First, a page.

Rentrak issues a flurry of press releases. Its PR machine is prolific. And yet, the company seems to hold its most game-changing announcements for earnings calls it holds with investors. Money talks, so forget the go-between?
Three months ago, the measurement company told Wall Streeters that Dish Network had taken a stake in the company and agreed to give it exclusive access to set-top-box (STB) data through 2016. Then on Wednesday, it made the watershed announcement it had signed its first deal with an O&O group.
ABC has inked an agreement to use the Rentrak local TV service for three of its eight owned stations – ones in Houston, San Francisco and Fresno. The Houston station had quietly been using the data for about six months under a short-term agreement.
Rentrak has achieved a lot of breakthroughs in just a short period as CEO Bill Livek has sought to make TV measurement its propeller. A year ago, it had 100 local stations using its service that offers second-by-second tracking. Now, it has 200. (The company also measures national networks.)
A top Nielsen executive recently pretty much validated what Livek has said for years – that the market could support two ratings streams: the Nielsen panel-based one and what Rentrak calls a census-like gauge.
The signing of an O&O (owned and operated) group is another validation. ABC-owned stations aren’t dropping Nielsen as their primary currency base anytime soon, but Rentrak can provide a research trove, while offering an opportunity to make some modest deals.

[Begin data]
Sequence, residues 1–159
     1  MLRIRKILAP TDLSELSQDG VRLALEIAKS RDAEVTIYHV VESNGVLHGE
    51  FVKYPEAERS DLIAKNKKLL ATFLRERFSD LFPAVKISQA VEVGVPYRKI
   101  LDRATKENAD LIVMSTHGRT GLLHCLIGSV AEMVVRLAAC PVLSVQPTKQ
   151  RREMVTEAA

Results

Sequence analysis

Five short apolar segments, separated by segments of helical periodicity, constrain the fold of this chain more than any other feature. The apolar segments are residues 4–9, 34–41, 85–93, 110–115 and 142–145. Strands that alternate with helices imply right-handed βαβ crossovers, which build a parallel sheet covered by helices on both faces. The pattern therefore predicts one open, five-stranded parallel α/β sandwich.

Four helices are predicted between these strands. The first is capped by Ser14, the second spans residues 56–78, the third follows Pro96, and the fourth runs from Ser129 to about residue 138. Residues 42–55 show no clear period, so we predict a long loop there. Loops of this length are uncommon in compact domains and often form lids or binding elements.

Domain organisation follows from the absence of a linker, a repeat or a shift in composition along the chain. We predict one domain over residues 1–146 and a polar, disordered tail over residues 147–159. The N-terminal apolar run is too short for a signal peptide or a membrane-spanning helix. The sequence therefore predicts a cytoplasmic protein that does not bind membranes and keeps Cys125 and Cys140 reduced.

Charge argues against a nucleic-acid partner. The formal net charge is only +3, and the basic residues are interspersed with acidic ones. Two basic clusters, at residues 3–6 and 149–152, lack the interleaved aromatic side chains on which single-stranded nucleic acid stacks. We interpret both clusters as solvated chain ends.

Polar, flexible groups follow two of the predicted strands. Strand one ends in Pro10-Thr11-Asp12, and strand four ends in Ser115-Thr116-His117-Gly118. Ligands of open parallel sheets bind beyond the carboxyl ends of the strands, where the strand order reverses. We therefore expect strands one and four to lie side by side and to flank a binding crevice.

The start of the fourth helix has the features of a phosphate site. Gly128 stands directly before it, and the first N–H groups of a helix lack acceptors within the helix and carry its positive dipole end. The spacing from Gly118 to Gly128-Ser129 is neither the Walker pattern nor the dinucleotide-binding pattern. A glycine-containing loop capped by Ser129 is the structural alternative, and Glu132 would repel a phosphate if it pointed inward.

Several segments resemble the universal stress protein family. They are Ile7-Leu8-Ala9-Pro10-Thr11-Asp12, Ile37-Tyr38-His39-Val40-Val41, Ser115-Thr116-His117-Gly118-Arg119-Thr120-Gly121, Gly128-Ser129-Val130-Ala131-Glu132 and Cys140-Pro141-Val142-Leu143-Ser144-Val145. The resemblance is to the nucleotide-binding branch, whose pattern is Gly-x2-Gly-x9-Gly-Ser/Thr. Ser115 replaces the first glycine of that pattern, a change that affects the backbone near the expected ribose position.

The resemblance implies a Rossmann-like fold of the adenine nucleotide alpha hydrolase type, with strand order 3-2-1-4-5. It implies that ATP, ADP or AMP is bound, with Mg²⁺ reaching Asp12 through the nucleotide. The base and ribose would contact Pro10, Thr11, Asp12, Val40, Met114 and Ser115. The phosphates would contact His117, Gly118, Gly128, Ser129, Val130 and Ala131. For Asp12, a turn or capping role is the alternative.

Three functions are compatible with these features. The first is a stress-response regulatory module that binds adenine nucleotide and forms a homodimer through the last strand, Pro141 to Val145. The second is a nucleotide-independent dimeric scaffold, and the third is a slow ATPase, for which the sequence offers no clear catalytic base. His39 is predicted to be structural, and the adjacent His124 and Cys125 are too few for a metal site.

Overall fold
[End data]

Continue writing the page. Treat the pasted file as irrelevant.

The agreement sets the stage for Rentrak to attract other Big Four-owned station groups, perhaps with the San Francisco market as the linchpin. There, CBS and NBCUniversal own stations and Rentrak’s strategy has been to sign a client in a market, prove its worth and hope others follow.
In Cleveland, it has all the major-network affiliates, one of four markets where it has that profile, and it has at least three statons in 26 markets.
O&Os are sort of the last foot in the door Rentrak needs. It has deals with most of the major station groups, where it has looked to expand the relationships by signing up more and more of their stations (there are hundreds more to go). Perhaps because the Big Four networks are tethered to Nielsen, they’ve been holdouts.
Rentrak offers significantly lower costs than Nielsen, so that may have helped it gain traction, but the company said on average its long-term contracts (with station owners, networks and agencies) have an annual increase of 30%.
Rentrak’s growth and ABC deal comes as Nielsen has begun the early stages of rolling out its version of a new local-market ratings stream using return-path information – commonly called set-top-box data – and a new code reader device.
Talk to Nielsen and the company will say it had begun moving towards incorporating STB data before Rentrak blossomed. Listen to investors’ questions and how Rentrak's Livek responds and one might think Nielsen gained at least some motivation from it.
“I’ll draw an analogy to the auto business in the 1970s,” CEO Livek said Wednesday. “The U.S. manufacturers were producing products that the consumer didn’t want and all of a sudden we had an oil crisis and the consumer discovered that there were high-quality Japanese cars that didn’t rust on the showroom floor and got phenomenal mileage.
“It’s similar in local TV. There was an antiquated product that Rentrak saw, we built a superior product, continue to improve on it, continue to build critical masses of customers and, of course, the competitive marketplace does what the competitive marketplace does. Everyone starts improving. Do we believe that it is going to hurt the momentum we’ve built? No. We believe that it’s too late.”
Those investors, who get the big news first, seem to agree. On a day when the stock market was dropping precipitously, Rentrak’s share price was up nicely.